Foodbeasts, I have a confession: I like drinking as much as the next guy (or girl), but if my only options are dark beer and grape-flavored cough medicine, I’ll take the cough medicine. Sure, the flavor is awful, but at least it’s not beer! And it’ll get you drunk that much faster.
Unfortunately, science says my brain may feel differently. As it turns out, the taste of beer, independent of the alcoholic content, may drive people to drink more — even if they prefer the flavor of something else.
Lemme break it down for you.
Recently, The Greatist took a peek at a study published in the journal of Neuropsychopharmacology. (That’s a real word! Take that, antidisestablishmentarianism!) The researchers snatched up 49 men from different backgrounds: social vs. heavy drinker; histories of alcoholism or drug use vs. none. The point is all the dudes were different dudes. Over the course of 15 minutes, each of these dudes swallowed 15 mL (about one teaspoon) of three different beverages: Gatorade, water, and their preferred beer. In order to avoid a buzz tampering with their results, researchers sprayed the beverages into each man’s mouth in three five-minute blocks. Just in case that teaspoon of beer got anyone a little tipsy. In other words, they took away the only reason anyone would want to drink beer, amirite?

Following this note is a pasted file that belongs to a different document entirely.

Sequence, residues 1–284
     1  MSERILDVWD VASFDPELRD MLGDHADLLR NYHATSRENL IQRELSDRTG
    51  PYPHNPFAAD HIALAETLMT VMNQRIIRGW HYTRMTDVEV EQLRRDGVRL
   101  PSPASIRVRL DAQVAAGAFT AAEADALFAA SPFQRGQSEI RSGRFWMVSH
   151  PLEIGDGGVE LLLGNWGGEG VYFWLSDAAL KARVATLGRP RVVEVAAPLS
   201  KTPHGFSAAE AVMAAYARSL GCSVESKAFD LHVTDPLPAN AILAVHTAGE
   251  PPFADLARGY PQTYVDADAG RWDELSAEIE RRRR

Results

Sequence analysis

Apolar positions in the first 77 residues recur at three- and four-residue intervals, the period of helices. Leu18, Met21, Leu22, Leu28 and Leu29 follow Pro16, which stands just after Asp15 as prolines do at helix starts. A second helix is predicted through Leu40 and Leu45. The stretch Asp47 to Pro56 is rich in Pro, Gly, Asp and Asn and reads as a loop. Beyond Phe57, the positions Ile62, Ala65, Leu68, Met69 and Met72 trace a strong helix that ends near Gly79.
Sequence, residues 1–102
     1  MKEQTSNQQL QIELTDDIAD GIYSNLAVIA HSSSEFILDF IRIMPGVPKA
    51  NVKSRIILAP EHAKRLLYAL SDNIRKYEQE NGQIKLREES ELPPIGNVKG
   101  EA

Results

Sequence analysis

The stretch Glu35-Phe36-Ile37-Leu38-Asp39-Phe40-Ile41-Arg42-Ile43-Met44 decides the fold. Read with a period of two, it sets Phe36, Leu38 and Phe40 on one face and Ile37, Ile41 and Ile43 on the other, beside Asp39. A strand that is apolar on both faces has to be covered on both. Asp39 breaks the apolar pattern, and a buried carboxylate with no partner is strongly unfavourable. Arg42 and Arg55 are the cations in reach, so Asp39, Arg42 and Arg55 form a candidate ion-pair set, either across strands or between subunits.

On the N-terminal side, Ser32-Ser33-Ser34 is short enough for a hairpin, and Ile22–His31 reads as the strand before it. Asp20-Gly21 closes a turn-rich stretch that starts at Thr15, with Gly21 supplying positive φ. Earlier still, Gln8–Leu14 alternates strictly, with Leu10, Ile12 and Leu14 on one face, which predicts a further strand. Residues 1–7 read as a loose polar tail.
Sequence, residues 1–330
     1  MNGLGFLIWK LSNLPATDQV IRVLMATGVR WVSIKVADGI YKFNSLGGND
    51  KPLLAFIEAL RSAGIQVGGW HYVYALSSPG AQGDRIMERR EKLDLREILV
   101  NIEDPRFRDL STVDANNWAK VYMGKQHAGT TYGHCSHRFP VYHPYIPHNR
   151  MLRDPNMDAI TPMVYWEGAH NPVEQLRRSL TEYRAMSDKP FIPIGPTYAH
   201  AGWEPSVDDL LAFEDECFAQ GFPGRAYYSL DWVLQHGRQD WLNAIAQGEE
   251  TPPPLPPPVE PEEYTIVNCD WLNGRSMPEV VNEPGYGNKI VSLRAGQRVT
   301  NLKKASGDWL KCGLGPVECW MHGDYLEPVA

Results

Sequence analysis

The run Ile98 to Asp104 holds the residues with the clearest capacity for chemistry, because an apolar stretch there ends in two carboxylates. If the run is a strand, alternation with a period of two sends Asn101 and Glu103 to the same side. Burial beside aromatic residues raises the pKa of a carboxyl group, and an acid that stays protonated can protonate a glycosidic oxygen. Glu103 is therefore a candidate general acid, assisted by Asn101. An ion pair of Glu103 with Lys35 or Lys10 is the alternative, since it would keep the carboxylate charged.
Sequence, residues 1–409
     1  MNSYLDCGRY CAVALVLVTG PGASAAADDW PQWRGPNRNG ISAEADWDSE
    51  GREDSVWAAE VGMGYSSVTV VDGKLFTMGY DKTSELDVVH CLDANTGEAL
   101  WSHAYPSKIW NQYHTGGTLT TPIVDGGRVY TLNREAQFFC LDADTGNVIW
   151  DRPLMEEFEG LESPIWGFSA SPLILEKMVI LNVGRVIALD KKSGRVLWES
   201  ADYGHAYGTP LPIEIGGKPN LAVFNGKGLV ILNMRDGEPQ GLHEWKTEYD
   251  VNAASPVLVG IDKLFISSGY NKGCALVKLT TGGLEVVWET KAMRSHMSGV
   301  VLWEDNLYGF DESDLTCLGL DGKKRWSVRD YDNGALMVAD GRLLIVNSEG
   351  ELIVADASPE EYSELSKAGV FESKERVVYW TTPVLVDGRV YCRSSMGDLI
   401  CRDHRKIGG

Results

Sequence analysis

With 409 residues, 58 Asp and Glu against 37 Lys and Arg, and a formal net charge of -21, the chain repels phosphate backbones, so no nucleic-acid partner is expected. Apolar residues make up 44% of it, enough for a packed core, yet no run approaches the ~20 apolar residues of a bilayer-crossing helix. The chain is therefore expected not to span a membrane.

Meanwhile, the science dudes were studying PET scans of the subject dudes’ brains. The scans found the levels of dopamine, the neurotransmitter responsible for the pleasure and reward centers of the brain, were much higher after drinking the beer as opposed to the Gatorade. Even higher than those levels were the levels of beer-drinkers who had family histories of alcoholism.
On top of that, even without their brains betraying them, the subject dudes reported a greater craving for the beer than the Gatorade, even though many of them preferred the taste of the latter.
That’s right, guys. You are powerless to your carnal urges.
Granted, this might not mean anything. It’s just the first experiment, and it was only 49 dudes. Still, neuro-response to sensory stimuli is apparently a pretty common thing. It’s entirely possible our brains have had it in for us this whole time.
To that end, I’d like to see the study repeated with women. Apparently, the researchers couldn’t find enough ladies willing to choke down a whole teaspoon of beer. My suggestion? Let’s try the whole thing with coffee, and sign me up for all 49 spots.